FEBRUARY 29, 2012 THE CALHOUN-LIBERTY JOURNAL Page 9 COMMENTARY WASHINGTONMERRY-GO-ROUNDby Douglas Cohn and Eleanor Clift WASHINGTON All the Republican candidates opposed the Obama administrations bailout of the auto industry. Mitt Romney calls it a bailout of the United Auto Workers union, and says President Obama is guilty of crony capitalism because he transferred government money to his union friends. Rick Santorum, searching for a way to criticize Romney, charged in a debate this week in Arizona that Romney sympathized with the bailout of Wall Street, yet had a double standard when it came to the auto companies. Romney countered that he is opposed to bailing out a single bank, but didnt want to see the entire global system of banking collapse. Given his pro-business views and his personal wealth, its not surprising that neys largest donor, contributing some $10 million to his campaign. Indeed, nine of Romneys top 20 donors are big Wall Street banks. It was surprising when Romney, son of an automaker and born in the wealthy suburbs of Detroit, took such a strident position against helping the car companies when they were hit hard by the recession in 2008. President Chrysler, and Obama followed up with his own plan government stepped in, was issued stock, and helped run the company. Tough decisions were made; many dealerships had to be closed, and the UAW agreed to make painful compromises on behalf of its members. health of the enterprise, and this month GM announced record earnings. Meanwhile, the government sold its There are good bailouts, and bad bailouts. By every measure, the action taken in Detroit worked, saving hundreds of thousands of jobs, and renewing a sense of pride in the city that is the heart of the auto industry. Romney is going through all kinds of contortions to claim that Obama ended up doing what he, Romney, proposed, letting the companies fall into bankruptcy. The difference is that Romney would not have the government as a backstop, and given the dire circum stances within the companies themselves, and in the economy as a whole, there were no other lenders lining up or we would have known about them at the time. The Obama administration did the responsible thing; they took ownership of the situation, shook up management, and turned around GM in a record amount of time. There is no shame in backing the bailout of these once great companies, and seeing them rise to the occasion is an achievement all Americans can be proud of. Polls show Obama leading Romney in Michigan should the former Massachusetts governor become the GOP nominee, and the success of the auto bailout is part of the political equation. The banks are another story. The Bush administration and then the Obama administration took huge risks in handing out large sums of money to the banks with no strings attached. The banks took the money and then virtually shut down all lending anyway, which is what the government was trying to avoid. The banks behaved shamefully, embarrassing Obama by continuing to reward top executives with bonuses they didnt deserve. The insurance giant, AIG (American International Group), handed out bonuses of such staggering size that they triggered a backlash from politicians and pundits across the political spectrum. Some of the highest paid executives were shamed into returning the money. Still, AIG didnt relent on its central point that the government had no business telling the company what to do, which is why the Wall Street bailouts were such a mess, and the auto bailouts a success. Good bailouts and bad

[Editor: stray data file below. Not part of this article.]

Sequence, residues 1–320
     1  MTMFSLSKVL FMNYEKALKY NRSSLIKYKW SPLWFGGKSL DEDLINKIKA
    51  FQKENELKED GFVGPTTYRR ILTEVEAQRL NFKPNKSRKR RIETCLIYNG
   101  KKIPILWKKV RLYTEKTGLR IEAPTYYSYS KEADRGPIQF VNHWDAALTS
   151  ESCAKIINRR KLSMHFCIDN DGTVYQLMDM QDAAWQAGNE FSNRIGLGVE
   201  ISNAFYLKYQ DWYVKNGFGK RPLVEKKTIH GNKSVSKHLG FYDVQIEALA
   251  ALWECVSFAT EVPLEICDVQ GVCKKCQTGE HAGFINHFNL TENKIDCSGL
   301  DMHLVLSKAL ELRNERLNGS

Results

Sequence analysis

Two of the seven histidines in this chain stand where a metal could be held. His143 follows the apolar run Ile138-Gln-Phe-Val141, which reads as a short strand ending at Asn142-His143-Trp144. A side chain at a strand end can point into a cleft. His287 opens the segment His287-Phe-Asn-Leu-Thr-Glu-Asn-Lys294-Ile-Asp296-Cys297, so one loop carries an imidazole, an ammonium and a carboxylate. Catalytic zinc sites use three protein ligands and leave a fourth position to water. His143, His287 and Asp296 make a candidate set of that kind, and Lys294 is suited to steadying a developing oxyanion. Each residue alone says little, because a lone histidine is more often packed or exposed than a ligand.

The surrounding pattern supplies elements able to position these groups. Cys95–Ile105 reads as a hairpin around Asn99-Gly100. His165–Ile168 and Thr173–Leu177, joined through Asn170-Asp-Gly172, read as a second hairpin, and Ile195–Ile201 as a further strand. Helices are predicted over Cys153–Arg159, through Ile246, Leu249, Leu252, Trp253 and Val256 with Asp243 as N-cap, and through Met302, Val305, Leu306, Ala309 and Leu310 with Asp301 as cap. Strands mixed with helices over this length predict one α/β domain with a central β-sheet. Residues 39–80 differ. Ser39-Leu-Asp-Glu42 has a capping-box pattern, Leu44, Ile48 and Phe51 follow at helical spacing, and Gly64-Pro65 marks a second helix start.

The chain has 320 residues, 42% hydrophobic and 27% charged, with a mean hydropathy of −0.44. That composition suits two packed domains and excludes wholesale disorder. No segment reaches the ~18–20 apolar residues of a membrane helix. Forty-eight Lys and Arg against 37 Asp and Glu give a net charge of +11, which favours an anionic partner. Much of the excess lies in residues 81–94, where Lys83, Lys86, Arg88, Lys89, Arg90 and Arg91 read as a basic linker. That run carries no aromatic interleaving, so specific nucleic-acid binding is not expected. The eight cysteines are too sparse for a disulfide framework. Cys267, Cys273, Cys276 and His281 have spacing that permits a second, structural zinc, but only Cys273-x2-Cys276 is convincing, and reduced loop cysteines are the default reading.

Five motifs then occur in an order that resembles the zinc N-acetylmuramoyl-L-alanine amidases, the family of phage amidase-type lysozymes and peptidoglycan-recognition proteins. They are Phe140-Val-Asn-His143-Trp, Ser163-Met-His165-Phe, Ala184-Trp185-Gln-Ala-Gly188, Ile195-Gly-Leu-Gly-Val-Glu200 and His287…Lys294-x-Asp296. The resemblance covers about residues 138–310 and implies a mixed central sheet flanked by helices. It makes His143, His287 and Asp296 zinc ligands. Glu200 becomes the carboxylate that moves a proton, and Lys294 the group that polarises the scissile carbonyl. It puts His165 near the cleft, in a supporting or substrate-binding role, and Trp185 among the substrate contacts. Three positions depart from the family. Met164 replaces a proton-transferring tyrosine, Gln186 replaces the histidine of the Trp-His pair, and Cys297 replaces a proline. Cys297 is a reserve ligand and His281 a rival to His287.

Page 10 THE CALHOUN-LIBERTY JOURNAL FEBRUARY 29, 2012 NOTICE OF PUBLIC HEARINGON THE CITY OF BRISTOL COMPREHENSIVE PLAN EVALUATION AND APPRAISAL REPORT PROPOSED AMENDMENTSPursuant to Chapter Sections 163.3181 and 163.3191, of the Florida Statutes, and Chapter Rules 9J-5.004 and 9J-5.0053, of the Florida Administrative Code, all Florida communities are required to periodically review and update their local government comprehensive plans and evaluate how effective they are in meeting the state and local government goals and objectives. The City of Bristol Comprehensive Plan covers all of the area depicted in the following map (see RIGHT): The Bristol City Council, acting as the Local Planning Agency, is scheduled to hold a public hearing on Monday, March 5, 2012, at 6:30 P.M. EST, in the City Hall Council Meeting Room. The purpose of this public hearing is to allow for the Council, acting as the Local Planning Agency, to receive public comments, suggestions and concerns regard ing the existing comprehensive plan and the proposed updates to the plan, and to take action to recommend proposed changes to the Bristol Comprehensive Plan, for inclusion in the Evaluation and Appraisal Report Proposed Amendments to the Plan. All interested parties are invited to attend and participate in the public hearing. If you have any questions, or wish to review the draft proposals, please The City of Bristol City Council, is scheduled to hold a public hearing on Monday, April 9, 2012, at 6:30 P.M. EST, in the City Hall Meeting Room. The purpose of this hearing is to review and take public comment regarding the Planning Agency recommendations and to consider the transmittal of the CITY OF BRISTOL COMPREHENSIVE PLAN EVALUATION AND APPRAISAL REPORT AMENDMENTS, to the Department of Economic Opportunity. NOTICE OF PUBLIC HEARINGON THE LIBERTY COUNTY COMPREHENSIVE PLAN EVALUATION AND APPRAISAL REPORT PROPOSED AMENDMENTSPursuant to Chapter Sections 163.3181 and 163.3191, of the Florida Statutes, and Chapter Rules 9J-5.004 and 9J-5.0053, of the Florida Administrative Code, all Florida communities are required to periodically review and update their local government comprehensive plans and evaluate how effective they are in meeting the state and local government goals and objectives. The Liberty County Comprehensive Plan covers all of the area depicted in the follow ing map (see RIGHT): The Liberty County Board of County Commissioners, acting as the Local Planning Agency, is scheduled to hold a public hearEST, in the Courthouse Commission Meeting Room. The purpose of this public hearing is to allow for the Commission, acting as the Local Planning Agency, to receive public comments, suggestions and concerns regarding the existing comprehensive plan and the proposed updates to the plan, and to take action to recommend proposed changes to the Liberty County Comprehensive Plan, for inclusion in the County Evaluation and Appraisal Report Proposed Amendments to the Plan. All interested parties are invited to attend and participate in the public hearing. If you have any questions, or wish to review the draft proposals, please The Liberty County Board of County Commissioners, is scheduled to hold a public Meeting Room. The purpose of this hearing is to review and take public comment regarding the Planning Agency recommendations and to consider the transmittal of the LIBERTY COUNTY COMPREHENSIVE PLAN EVALUATION AND APPRAISAL REPORT AMENDMENTS, to the Department of Economic Opportunity. The Liberty County Senior Citizens Association has scheduled the following events for the month of March: Thursday, March 1 Shopping at Piggly Wiggly and lunch before returning home. Wednesday, March 7 At 11 a.m. at the Hosford Senior Center, a representative of Big Bend Hospice will be there Thursday, March 8 Join us a 11 a.m. for Bingo with Cindy at the Bristol Senior Center. Prizes, fun & lunch. Call Liberty Transit at 643-2524 no later than 3 p.m., Monday, March 5 for transportation to the center. Tuesday, March 13 The Liberty County Senior Citizens Advisory Council will meet at the Bristol Senior Center at 1 p.m. Call Liberty Transit no later than 3 p.m., Friday, March 9 if you need transportation to the center. Thursday, March 15 Grocery shopping at the Piggly Wiggly followed by lunch. Call Liberty Transit no later than 3 p.m., Monday, March 12 to reserve your transit ride. Monday, March 19 The Liberty County Senior Citizens Board of Directors will meet in the Hosford Senior Center at 7 p.m. The public is welcome to attend this meeting. Tuesday, March 20 Movies and lunch in Tallahas see. Call Liberty Transit a 643-2524 no later than 3 p.m., Friday, March 15 to reserve your Transit seating. Call 643-5690 for information. Tuesday, March 20 A representative of North Florida Legal Services will be at the Bristol Senior Center at 11 a.m. Call 643-5690 if you would like to meet with the representative. Call 643-2524 no later than 3 p.m., Friday, March 16 if you need a ride to the Center. Thursday, March 22 Shopping this week at Wal-Mart in Tallahassee. Call 643-2524 no later than 3 p.m., Monday, March 19 to reserve your Transit ride. Tuesday, March 27 Craft Day starts at 11 a.m. at the Bristol Senior Center. Call Liberty Transit at 6432524 no later than 3 p.m., Friday, March 23 if you need transportation. Thursday, March 29 Back to Bristol for shopping at the Piggly Wiggly. Call Liberty Transit at 643-2524 no later than 3 p.m., Monday, March 26 to reserve your Transit ride. Thursday, April 5 The Liberty County Senior Citizens will host a Easter Lunch at the Bristol Senior Center. Call Liberty Transit no later than 3 p.m., Monday, April 2 for transportation to the center. The Senior Citizens Annual Flathead Tournament/ Fundraiser is scheduled for Friday, April 27 and Saturday, April 28. Please join us for food and fun.Liberty County Senior Citizens March activities scheduleMARIANNA Chipola College Theatre will present the hit musical Godspell, Feb. 29 through Mar. 4. Tickets are on sale in the college busiChipola Theater director Charles Sir mon cast the following local actors in the show: Trey McKay as Jesus, Dylan Bass as John the Baptist (Judas), Ryan Pilcher as Jeffery, Jae House as Lamar, Dante Brown as Herb, Kylee Shores as Robin, Kayla Todd as JoAnne, Sierra Hill as Peggy, Leah Page as Sonia and Ashleigh Stowe as Gilmer. The ensemble includes: Atrayu Adkins, Darren Blake Collins, Brett Floyd, Cade Guthrie, Jamal Engram, Wiggins, Amanda Locke, Alexus Perry, Gracie Wallace and Alex Parrish Godspell, is the beloved classic from Stephen Schwartz, the Grammy and Academy Award-winning composer of Wicked and Pippin. Audiences will enjoy all the good gifts from one of the most enduring shows of all time as it comes to Chipola in a brand new, intimately staged, one-of-a-kind production. The Tony-nominated By Day, Learn Your Lessons Well and Turn Back, O Man. This time less tale of friendship, loyalty and love has touched the hearts of countless theatergoers all over the world with the greatest story ever told. For ticket information, call 7182220. Godspell will open tonight at Chipola College